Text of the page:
THIS HAS BEEN a terrible week for our country.
Anyone who loves America has to be heartsick at the violence, mayhem, and pillaging that ignited in scores of cities nationwide. I'm not talking about the peaceful protests in which myriads of citizens voiced their outrage at the killing of George Floyd by a depraved Minneapolis cop while three other cops blithely watched. Those were laudable — the latest in a long chain of public demonstrations, marches, and sit-ins explicitly endorsed by the Bill of Rights, which shields "the right of the people peaceably to assemble, and to petition the Government for a redress of grievances."
But there was nothing admirable about the riots and the looting and the arson. What the criminals who wreaked so much havoc across America this past week did is abhorrent. Because of them, people are dead, businesses are destroyed, and neighborhoods — especially minority neighborhoods — are in ruins. Like all rioters, they were motivated by greed and a lust to ravage, not by any worthy purpose. It only compounds the obscenity of Floyd's death that it was used by many as an excuse to justify the carnage.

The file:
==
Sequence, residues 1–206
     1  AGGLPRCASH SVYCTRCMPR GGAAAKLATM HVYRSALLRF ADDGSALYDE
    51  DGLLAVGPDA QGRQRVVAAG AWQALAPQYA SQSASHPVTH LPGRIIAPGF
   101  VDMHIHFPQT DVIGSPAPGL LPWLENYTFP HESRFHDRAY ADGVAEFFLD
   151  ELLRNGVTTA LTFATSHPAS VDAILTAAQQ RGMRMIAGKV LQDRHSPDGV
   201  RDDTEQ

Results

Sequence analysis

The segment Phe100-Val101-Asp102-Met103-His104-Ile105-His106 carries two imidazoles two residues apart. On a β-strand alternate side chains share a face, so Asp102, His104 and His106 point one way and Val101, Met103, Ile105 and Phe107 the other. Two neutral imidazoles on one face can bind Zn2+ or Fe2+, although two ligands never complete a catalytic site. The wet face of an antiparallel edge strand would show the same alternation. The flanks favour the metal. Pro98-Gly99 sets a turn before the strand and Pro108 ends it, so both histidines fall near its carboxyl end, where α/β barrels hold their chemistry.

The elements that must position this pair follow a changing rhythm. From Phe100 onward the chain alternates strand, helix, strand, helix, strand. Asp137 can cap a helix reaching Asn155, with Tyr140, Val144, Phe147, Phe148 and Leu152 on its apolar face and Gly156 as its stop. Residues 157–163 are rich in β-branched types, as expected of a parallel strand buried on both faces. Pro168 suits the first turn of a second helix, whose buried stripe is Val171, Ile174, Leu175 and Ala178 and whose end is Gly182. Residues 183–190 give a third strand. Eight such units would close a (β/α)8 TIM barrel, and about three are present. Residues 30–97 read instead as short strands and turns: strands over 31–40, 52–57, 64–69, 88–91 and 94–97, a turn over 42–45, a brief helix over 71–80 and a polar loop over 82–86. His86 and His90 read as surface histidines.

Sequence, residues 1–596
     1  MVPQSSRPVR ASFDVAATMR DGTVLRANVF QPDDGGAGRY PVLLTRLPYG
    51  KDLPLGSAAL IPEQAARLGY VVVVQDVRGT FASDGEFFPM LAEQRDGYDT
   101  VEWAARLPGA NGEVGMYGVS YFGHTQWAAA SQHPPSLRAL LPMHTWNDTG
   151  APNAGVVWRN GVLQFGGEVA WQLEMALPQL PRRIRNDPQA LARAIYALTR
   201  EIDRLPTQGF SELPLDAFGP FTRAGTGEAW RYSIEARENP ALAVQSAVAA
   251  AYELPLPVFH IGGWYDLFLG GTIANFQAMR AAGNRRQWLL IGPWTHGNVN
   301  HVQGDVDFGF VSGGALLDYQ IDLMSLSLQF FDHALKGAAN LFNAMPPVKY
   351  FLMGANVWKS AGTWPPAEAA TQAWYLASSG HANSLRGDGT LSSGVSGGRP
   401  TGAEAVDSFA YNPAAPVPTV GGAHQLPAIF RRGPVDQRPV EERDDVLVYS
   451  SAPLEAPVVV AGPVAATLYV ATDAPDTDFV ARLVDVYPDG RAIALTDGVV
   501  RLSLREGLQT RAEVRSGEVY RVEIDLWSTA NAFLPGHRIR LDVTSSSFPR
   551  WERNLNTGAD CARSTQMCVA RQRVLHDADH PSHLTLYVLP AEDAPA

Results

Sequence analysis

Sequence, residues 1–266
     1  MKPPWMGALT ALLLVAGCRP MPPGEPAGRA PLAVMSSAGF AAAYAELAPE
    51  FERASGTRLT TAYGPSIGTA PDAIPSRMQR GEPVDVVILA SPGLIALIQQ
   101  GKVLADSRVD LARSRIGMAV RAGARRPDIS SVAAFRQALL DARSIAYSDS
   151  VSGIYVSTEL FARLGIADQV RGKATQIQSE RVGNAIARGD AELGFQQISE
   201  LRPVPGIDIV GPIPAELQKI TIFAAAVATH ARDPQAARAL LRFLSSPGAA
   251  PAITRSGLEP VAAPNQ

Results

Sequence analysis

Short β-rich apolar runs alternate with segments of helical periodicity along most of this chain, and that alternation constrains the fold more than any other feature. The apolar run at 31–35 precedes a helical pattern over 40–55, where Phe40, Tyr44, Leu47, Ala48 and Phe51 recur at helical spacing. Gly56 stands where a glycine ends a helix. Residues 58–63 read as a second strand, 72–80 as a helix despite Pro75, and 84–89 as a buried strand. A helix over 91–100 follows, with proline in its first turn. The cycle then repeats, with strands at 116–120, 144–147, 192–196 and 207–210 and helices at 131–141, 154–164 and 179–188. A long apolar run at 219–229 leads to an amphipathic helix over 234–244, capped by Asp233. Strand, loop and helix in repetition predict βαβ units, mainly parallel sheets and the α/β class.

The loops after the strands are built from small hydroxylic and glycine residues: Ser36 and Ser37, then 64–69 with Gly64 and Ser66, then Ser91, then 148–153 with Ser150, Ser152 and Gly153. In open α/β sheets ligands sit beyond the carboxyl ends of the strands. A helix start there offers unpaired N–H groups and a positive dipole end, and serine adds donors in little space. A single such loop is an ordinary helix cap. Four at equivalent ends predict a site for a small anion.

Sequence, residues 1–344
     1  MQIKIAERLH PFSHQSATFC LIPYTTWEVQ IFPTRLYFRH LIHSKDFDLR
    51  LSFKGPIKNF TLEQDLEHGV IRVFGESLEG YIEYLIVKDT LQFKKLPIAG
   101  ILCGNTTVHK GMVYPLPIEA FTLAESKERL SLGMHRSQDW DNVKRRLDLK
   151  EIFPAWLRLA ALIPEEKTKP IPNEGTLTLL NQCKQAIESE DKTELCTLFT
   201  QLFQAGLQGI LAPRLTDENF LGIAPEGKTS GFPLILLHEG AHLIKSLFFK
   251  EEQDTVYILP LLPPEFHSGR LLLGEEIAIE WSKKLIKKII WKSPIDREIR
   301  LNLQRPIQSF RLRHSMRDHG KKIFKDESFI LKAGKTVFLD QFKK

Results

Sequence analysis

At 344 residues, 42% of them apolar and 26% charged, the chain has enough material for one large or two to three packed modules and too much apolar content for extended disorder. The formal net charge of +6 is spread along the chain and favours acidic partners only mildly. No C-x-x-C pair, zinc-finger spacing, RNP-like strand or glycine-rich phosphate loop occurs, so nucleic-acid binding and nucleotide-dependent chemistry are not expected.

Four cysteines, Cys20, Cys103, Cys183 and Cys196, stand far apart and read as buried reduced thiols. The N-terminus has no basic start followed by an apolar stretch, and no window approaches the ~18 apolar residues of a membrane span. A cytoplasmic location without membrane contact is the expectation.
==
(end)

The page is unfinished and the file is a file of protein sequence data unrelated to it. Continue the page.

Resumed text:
This has been a frightening week for America.
It has been a frightening week for my family.
One of my children, only a few years out of high school, is the manager of a pharmacy on the West Coast, responsible for 50 employees and hundreds of thousands of dollars worth of merchandise, drugs, and equipment. My heart was in my throat last weekend as I read about the riots, looting, and arson in his city. I texted him, anxious to know if he was all right. . . .